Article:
Report: Communities on Fire: Confronting Hate Violence and Xenophobic Political Rhetoric

South Asian, Mus­lim, Sikh, Hin­du, Mid­dle East­ern, and Arab com­mu­ni­ties are the tar­get of increas­ing lev­els of hate vio­lence and xeno­pho­bic polit­i­cal rhetoric in the Unit­ed States, with record attacks since the elec­tion of Pres­i­dent Trump in Novem­ber, 2016, South Asian Amer­i­cans Lead­ing Togeth­er (SAALT) said in a report released today. The uptick in anti-Mus­lim attacks runs par­al­lel to the surge in this administration’s anti-Mus­lim poli­cies and rhetoric.

The report, Com­mu­ni­ties on Fire,” doc­u­ments hate vio­lence and xeno­pho­bic polit­i­cal rhetoric aimed at our com­mu­ni­ties from Elec­tion Day 2016 to Elec­tion Day 2017. SAALT doc­u­ment­ed 302 inci­dents of hate vio­lence and xeno­pho­bic polit­i­cal rhetoric aimed at South Asian, Mus­lim, Sikh, Hin­du, Mid­dle East­ern, and Arab com­mu­ni­ties in the Unit­ed States, of which an astound­ing 82% were moti­vat­ed by anti-Mus­lim sen­ti­ment. The 302 inci­dents are a more than 45% increase from the year lead­ing up to the 2016 elec­tion cycle, lev­els not seen since the year after Sep­tem­ber 11.

SAALT’s report draws a direct line between this administration’s anti-Mus­lim agen­da and increas­ing attacks, reveal­ing that of the 213 inci­dents of hate vio­lence doc­u­ment­ed, one in five per­pe­tra­tors invoked Pres­i­dent Trump’s name, his admin­is­tra­tion’s poli­cies, or his cam­paign slo­gans dur­ing attacks.

“Our nation prides itself on the free­dom for peo­ple of all reli­gious tra­di­tions to prac­tice their faith with­out fear or intim­i­da­tion,” said Suman Raghu­nathan, Exec­u­tive Direc­tor of SAALT. “How­ev­er, through its poli­cies and rhetoric, this administration’s inces­sant demo­niza­tion of Islam has cre­at­ed an envi­ron­ment of hate and fear-mon­ger­ing for Mus­lims and those per­ceived to be Mus­lim. Dead­ly shoot­ings, torched mosques, van­dal­ized homes and busi­ness­es, and young peo­ple harassed at school have ani­mat­ed an acute­ly vio­lent post-elec­tion year. This admin­is­tra­tion must break eye con­tact with white suprema­cy if our nation is to live up to its high­est ideals of reli­gious free­dom.”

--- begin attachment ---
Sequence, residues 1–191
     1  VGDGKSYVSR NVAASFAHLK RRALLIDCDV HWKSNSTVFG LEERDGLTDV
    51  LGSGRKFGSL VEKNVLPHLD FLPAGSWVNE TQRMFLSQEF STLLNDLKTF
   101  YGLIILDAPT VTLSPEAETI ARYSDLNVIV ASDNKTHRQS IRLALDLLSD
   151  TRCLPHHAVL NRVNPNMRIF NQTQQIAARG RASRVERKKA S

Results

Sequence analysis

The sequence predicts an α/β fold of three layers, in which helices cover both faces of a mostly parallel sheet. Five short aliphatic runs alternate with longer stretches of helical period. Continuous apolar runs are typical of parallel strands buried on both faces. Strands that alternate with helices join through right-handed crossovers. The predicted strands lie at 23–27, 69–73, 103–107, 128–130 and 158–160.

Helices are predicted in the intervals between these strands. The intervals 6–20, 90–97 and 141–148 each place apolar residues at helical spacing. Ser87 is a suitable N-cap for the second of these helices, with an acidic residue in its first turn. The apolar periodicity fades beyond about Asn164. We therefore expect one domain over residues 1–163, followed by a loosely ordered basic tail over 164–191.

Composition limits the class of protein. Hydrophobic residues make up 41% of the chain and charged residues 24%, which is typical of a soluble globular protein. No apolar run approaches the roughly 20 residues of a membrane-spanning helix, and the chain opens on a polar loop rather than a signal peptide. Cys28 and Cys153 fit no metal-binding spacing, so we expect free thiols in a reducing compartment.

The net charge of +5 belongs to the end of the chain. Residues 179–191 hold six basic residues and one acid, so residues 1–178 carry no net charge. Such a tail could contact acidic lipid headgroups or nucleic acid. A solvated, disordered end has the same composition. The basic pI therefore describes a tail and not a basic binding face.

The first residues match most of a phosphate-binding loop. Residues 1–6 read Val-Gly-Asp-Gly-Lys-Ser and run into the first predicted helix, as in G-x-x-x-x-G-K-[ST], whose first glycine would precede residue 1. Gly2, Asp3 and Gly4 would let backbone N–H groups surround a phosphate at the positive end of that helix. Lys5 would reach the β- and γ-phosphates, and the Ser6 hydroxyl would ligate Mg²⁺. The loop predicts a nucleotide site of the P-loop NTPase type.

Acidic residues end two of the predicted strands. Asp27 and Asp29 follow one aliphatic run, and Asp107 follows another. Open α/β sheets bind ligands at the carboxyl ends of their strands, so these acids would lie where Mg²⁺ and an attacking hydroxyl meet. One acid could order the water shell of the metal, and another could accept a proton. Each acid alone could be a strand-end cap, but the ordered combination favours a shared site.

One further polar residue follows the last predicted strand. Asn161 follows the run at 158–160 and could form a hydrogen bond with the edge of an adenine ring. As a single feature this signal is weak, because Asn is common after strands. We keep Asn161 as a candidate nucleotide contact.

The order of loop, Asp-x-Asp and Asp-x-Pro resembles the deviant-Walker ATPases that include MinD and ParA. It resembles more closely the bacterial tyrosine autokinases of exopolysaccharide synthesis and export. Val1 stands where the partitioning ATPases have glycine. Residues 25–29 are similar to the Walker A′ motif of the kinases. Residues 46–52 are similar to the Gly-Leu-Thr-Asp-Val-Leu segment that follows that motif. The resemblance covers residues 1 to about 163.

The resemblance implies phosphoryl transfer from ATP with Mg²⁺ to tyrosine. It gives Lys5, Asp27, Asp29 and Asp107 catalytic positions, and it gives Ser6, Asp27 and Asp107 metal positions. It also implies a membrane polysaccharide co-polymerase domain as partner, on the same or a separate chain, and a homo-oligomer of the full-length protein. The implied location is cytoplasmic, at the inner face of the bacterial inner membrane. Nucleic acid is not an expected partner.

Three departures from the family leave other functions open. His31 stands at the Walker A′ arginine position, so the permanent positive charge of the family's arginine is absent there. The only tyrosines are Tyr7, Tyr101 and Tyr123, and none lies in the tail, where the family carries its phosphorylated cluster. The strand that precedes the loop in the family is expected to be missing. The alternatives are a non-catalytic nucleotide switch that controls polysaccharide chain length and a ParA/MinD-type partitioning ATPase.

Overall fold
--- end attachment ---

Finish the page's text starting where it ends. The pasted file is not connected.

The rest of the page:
The report also under­lines the way inter­sec­tion­al­i­ty informs hate — both the iden­ti­ties of vic­tims tar­get­ed and the sys­tems that crim­i­nal­ize our com­mu­ni­ties. Women who iden­ti­fy or are per­ceived as South Asian, Mus­lim, Sikh, Hin­du, Mid­dle East­ern, or Arab were the tar­gets of attack in 28% of the 213 doc­u­ment­ed hate inci­dents post-elec­tion. Women who wear hijab or head scarves are par­tic­u­lar­ly vul­ner­a­ble, account­ing for 63% of the doc­u­ment­ed hate inci­dents tar­get­ing women. The report dis­cuss­es the inter­sec­tion of immi­gra­tion, racial pro­fil­ing and sur­veil­lance, and crim­i­nal jus­tice poli­cies that com­pound against our com­mu­ni­ties.

“The growth of white suprema­cist hate groups and mount­ing attacks on our com­mu­ni­ties are proof pos­i­tive that this administration’s anti-Mus­lim agen­da is not mak­ing Amer­i­ca great, it’s mak­ing Amer­i­cans afraid,” Raghu­nathan said. “The dai­ly decay of our democ­ra­cy can only be repaired by dig­ni­ty and full inclu­sion for all Amer­i­cans, regard­less of faith, race, or nation­al ori­gin. SAALT and our allies are going to go the dis­tance to see this demand real­ized.”

Read the full report here.